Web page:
Why we built it

Since the onset of the COVID-19 pandemic, musicians, music educators, and music lovers all over the world have needed to distance themselves from their fellow creators, making the sharing of new musical ideas and compositions difficult. While many excellent desktop software packages exist for single-user music composition Finale, Sibelius, etc. music collaboration is hard online, and doesn't allow for the real-time edit tracking experience users have come to expect for document-based work on platforms like Google Docs. That's why we built ScoreShare, to help fill the need for an online music score editor to fit the modern musician's needs.

What it does

ScoreShare allows users to create music scores right in their web browser, edit score properties, notes, and rhythms all using an easy-to-use ABC musical notation, and share them with others while seeing changes synced in real-time.

ScoreShare also allows for users to import and export any ABC musical notation from another program, allowing composers and music students to start in any program they want, bring it into ScoreShare for collaborative work, then export it back to their local program of choice.

How we built it

React.js for our front-end framework, Node.js and Express to run our API backend and WebSocket server, abc.js for musical score rendering.

By using Material UI with the React front end, it allowed us to create an intuitive user interface that can be accessed from any device and any browser. The front end was then deployed via Google App Engine, so that anyone can access it from anywhere without the need to manually scale and configure the runtime environments.

By using Express and Node.js for our back end, as well as MongoDB for our database, we were able to create a robust containerized server capable of managing as many connections as well need by deploying it out to Google Kubernetes Engine. This tech stack combination also allowed us to easily break our service into two main services (the webapp and the server), both of which work entirely independently and connect via REST endpoints and the WebSocket protocal.

Challenges we ran into

The biggest challenges were trying to maintain the correct order of edits by users even when network latency caused edit conflict race conditions, and needing to entirely change the music rendering library and approach to generating and interacting with music part-way through the hackathon.

To solve the order-of-edits problem, we modified the "edit distance" dynamic programming algorithm to account for the current position of the mouse cursor to restrict legal edits, then used that to backtrack to identify exactly which characters were changed, and how (insert, delete, replace). This worked a lot better than our original idea of working with keystrokes directly to record changes, so that users can interact with a normal textbox with all the expected features (click to move the cursor, drag to select, copy/paste, etc.) while the back end websocket server views all of the data entirely as incremental differences that get stacked on top of each other based on their time stack to provide the final view. This means that we don't need to worry about latency or race conditions between multiple users on the real time editor.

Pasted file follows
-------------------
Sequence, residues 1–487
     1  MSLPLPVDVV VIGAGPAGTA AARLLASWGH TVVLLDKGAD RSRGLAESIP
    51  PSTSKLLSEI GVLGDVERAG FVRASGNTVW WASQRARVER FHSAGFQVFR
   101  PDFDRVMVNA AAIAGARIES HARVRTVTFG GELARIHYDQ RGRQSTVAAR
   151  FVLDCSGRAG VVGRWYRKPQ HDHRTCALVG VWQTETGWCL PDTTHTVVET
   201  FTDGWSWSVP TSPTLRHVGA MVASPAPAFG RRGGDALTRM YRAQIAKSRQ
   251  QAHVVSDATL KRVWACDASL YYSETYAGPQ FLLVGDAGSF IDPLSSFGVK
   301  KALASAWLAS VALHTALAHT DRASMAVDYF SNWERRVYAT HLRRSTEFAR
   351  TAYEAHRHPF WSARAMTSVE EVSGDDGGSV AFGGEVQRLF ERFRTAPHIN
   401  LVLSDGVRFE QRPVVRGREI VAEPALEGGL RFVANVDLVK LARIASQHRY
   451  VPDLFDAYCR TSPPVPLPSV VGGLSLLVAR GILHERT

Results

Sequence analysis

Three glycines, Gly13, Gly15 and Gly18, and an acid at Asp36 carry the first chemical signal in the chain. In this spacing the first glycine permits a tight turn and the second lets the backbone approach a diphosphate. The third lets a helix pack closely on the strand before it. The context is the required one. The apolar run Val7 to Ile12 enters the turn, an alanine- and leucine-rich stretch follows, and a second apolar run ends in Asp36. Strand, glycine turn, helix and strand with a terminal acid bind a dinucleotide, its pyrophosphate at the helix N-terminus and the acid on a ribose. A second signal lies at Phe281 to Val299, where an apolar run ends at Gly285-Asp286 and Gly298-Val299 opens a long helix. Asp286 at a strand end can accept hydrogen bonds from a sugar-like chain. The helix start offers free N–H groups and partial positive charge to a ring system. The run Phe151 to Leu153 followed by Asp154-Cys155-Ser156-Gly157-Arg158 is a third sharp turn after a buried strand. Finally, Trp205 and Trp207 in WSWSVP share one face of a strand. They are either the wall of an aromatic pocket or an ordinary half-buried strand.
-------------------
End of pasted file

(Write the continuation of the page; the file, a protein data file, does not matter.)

We also built the entire tech stack from the ground up without using any preconfigured devops tools like Firebase, so that was also a new challenge for us, although because we were building our own WebSocket server, most of our team's typical tools (serverless Cloud Functions, Firestore, etc.) aren't really suited for that use anyway.

Accomplishments that we're proud of

We’re proud of the usefulness of the idea, the technical challenges overcome, and hope that it can empower musicians and music lovers distanced by COVID-19 all over the world to work together to safely bring their collaborative ideas to life.

By the end of the hackathon, we got our Minimum Viable product working (the real time editor with the sheet music renderer), so we're happy with that!

What we learned

Through this process we learned a lot more about working with the WebSocket protocol, ABC musical notation, React hooks, and client-side music rendering.

What's next for ScoreShare

In the future, we would love to expand the musical editing capabilities to include a drag-n-drop score editor interface, add to the list of score interaction features, include more options for music playback, and add more expressive and intuitive graphics for multi-user cursors during collaborative editing. We'd also like to transform it from just a collaboration server to a long-term editing server, with users, permissions, and a file structure (think like Google Drive for sheet music).

Try It Yourself!

  1. Clone the repo at https://github.com/HarrisonLavins/ScoreShare
  2. Run npm install from the "server" folder
  3. Run npm run start:dev from the "server" folder
  4. Run npm install from the "webapp" folder
  5. Run npm run start from the "webapp" folder
  6. Open out a copy (or more) of localhost:3000 and try it out! Feel free to use the console and websocket debugger to view how the edit distance works as well!
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